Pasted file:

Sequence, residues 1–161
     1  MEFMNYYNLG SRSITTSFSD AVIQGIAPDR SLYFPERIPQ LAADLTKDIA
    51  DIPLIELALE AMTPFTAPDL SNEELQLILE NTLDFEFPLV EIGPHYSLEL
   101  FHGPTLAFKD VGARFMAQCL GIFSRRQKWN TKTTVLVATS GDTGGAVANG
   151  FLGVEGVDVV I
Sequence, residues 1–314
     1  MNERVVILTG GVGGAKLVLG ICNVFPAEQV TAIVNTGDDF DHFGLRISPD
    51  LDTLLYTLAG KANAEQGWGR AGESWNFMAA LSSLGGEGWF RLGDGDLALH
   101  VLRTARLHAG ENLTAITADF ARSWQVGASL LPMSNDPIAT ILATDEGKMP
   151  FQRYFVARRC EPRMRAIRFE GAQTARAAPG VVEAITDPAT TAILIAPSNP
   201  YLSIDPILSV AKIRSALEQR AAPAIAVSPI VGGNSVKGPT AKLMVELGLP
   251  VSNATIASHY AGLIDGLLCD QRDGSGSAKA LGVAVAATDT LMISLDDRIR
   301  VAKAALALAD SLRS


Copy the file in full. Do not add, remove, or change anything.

Sequence, residues 1–161
     1  MEFMNYYNLG SRSITTSFSD AVIQGIAPDR SLYFPERIPQ LAADLTKDIA
    51  DIPLIELALE AMTPFTAPDL SNEELQLILE NTLDFEFPLV EIGPHYSLEL
   101  FHGPTLAFKD VGARFMAQCL GIFSRRQKWN TKTTVLVATS GDTGGAVANG
   151  FLGVEGVDVV I
Sequence, residues 1–314
     1  MNERVVILTG GVGGAKLVLG ICNVFPAEQV TAIVNTGDDF DHFGLRISPD
    51  LDTLLYTLAG KANAEQGWGR AGESWNFMAA LSSLGGEGWF RLGDGDLALH
   101  VLRTARLHAG ENLTAITADF ARSWQVGASL LPMSNDPIAT ILATDEGKMP
   151  FQRYFVARRC EPRMRAIRFE GAQTARAAPG VVEAITDPAT TAILIAPSNP
   201  YLSIDPILSV AKIRSALEQR AAPAIAVSPI VGGNSVKGPT AKLMVELGLP
   251  VSNATIASHY AGLIDGLLCD QRDGSGSAKA LGVAVAATDT LMISLDDRIR
   301  VAKAALALAD SLRS